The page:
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Cornell develops interactive relational database for chefs.

Preparation and presentation of a new recipe can be a daunting experience for a student. How do you parboil? When a recipe doubles, do you double all of the ingredients? Where do you put the parsley?

And what in the world is a kohlrabi?

Step-by-step instructions are helpful, but color pictures are truly worth thousands of words in learning correct culinary methods, not to mention the more esoteric ingredients.

These were the thoughts of Tom Neuhaus, a lecturer at Cornel University's School of Hotel Administration. He envisioned a graphics-packed computer database that would familiarize his students with the foods they were to prepare well before they sliced a carrot or diced a single potato.

Neuhaus wanted his students to experience visually all aspects of the culinary arts.

"Textbooks have limited black and white graphics," Neuhaus says. "To really understand the preparation of the dishes we make, 20 to 30 color pictures per item are needed. Only some sort of an interactive computer database could supply such graphics and enable our students to browse, investigate and crossreference various recipes within the framework of a single class."

To implement his ideas, Neuhaus developed the concept and supervised the writing of Fabulous, a user-friendly interface to a culinary and pictorial database now residing on four UNIX-based SparcStation 1 computers from Sun Microsystems.

Recipe for success

Fabulous--which stands for Food and Beverage Undergraduate Learning on a UNIX System--is based on the Unify Corp.'s database management system (DBMS) running on a network of SparcStations.

Initially, Neuhaus began his culinary database on personal computers, recording chemical reactions among various foods. As his computer knowledge increased, so did his desire for a more complex and diversified teaching tool.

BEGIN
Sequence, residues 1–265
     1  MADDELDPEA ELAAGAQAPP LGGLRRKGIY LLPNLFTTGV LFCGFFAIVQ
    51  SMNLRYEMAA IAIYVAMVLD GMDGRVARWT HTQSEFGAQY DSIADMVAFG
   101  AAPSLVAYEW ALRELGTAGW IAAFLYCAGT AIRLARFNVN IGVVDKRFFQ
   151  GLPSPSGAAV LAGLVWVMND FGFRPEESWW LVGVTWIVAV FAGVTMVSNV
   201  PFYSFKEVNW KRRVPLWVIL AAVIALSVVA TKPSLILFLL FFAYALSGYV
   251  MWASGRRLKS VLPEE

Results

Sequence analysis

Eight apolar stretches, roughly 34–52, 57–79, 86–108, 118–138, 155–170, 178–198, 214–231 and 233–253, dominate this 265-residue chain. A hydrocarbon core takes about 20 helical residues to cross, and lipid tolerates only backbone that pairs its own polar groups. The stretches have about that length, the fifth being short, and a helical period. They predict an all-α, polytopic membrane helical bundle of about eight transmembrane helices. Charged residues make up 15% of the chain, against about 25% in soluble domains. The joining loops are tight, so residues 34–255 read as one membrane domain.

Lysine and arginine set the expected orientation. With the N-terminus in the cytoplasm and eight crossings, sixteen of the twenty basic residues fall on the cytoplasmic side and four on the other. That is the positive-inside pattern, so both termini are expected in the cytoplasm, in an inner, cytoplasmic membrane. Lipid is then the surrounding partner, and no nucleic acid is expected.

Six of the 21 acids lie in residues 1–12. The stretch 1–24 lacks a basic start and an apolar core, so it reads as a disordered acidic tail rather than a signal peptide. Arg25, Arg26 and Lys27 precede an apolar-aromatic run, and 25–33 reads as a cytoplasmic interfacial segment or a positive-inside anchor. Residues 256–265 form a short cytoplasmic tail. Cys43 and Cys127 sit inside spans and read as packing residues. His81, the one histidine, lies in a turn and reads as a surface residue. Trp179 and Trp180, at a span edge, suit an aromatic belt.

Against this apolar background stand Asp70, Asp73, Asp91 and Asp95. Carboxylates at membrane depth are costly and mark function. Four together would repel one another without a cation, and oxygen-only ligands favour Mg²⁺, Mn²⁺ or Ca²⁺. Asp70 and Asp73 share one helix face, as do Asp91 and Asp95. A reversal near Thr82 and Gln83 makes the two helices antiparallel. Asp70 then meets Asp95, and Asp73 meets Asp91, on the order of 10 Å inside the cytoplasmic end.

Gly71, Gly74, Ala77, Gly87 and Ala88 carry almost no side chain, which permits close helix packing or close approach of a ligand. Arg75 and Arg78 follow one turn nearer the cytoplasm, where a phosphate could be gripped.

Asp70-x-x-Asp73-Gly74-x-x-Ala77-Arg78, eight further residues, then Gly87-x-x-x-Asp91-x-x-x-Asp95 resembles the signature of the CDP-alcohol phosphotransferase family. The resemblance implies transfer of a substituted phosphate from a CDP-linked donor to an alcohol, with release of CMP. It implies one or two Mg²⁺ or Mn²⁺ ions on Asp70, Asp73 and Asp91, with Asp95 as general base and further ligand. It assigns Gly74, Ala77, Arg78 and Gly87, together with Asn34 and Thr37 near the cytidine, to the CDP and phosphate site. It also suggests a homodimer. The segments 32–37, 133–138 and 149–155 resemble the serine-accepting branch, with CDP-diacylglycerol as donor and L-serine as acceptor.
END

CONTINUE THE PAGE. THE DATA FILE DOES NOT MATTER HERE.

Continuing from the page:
He imagined a relational database where students could view the ingredients, recipe, preparation methods, and the finished dish simultaneously.

To implement such a tool, Neuhaus required a number of features that simply were not available on his PC system.

Speed was the first consideration--the new system had to retrieve images from the database quickly to support recipe and preparation procedures.

Multi-tasking and windowing capabilities were also vital criteria. Each step in Neuhaus's new teaching method requires instituting a number of queries that each take time to run.

With multitasking--the ability to run several applications simultaneously--it would be possible to run these inquiry sessions quickly in the background.

Windowing would enable students to observe, say, ingredients in one window, preparation steps in another, and an image of the finished dish in yet a third.

Neuhaus was also determined to have color graphics.

As he says, "Food is too exciting to ruin with back and white images."

Most of the systems he looked at were either not powerful enough, couldn't multi-task, or they were too expsnive. Then he discovered the SparcStation.

"I realized that Fabulous was going to become a reality," Neuhaus says. "The SparcStation stores more than 12,000 quality color images and corresponding text. It also offers speed, multi-tasking and windowing capabilities at an economical price."

A simply fabulous computer system

Cornell's School of Hotel Administration installed three stations for student use and a SparcServer file server.

Neuhaus' PC/AT, used primarily for capturing images, links to the workstations via Sun's PC-NFS, over and Ethernet backbone. A JVC video camera, a Targa 16 (Truevision Advanced Raster Graphics Adapter of Truevision, Inc.) and a Targa 24 image capture board, digitize photos to be entered into the PC/AT.

The Fabulous interface, which runs under X.11/NeWS, communicates with Unify, the relational DBMS residing on the SparcSserver.

Fabulous enables students to access the database in a variety of ways--through country, specific recipe, ingredient, method of cooking or a number of other categories. The database consists of thousands of entities, or files.

Under "cuisine" are more than 100 countries. Another file contains images from more than 400 restaurants, ranging from place settings to food presentations to photos of dining areas. This is often helpful if students want to see the different ways in which a particular dish can be presented.

The student chef can also obtain menus of these restaurants from yet another file. Currently, the recipe file contains approximately 200 dishes. A variety of information is included for each dish, ranging from preparation time to a difficulty rating.

Associated with the item file are three additional files. First is the tool file, which names, describes and shows photos of several hundred pieces of cooking equipment, ranging from roasting racks and whisks to nutmeg graters and food processors.

The second file associated with the item file is the formula, or ingredient file, listing between five and 25 ingredients per recipe. This file is linked to four levels of ingredient categories ranging from the most general (e.g., vegetable) to the most specific (e.g., broccoli flowerettes).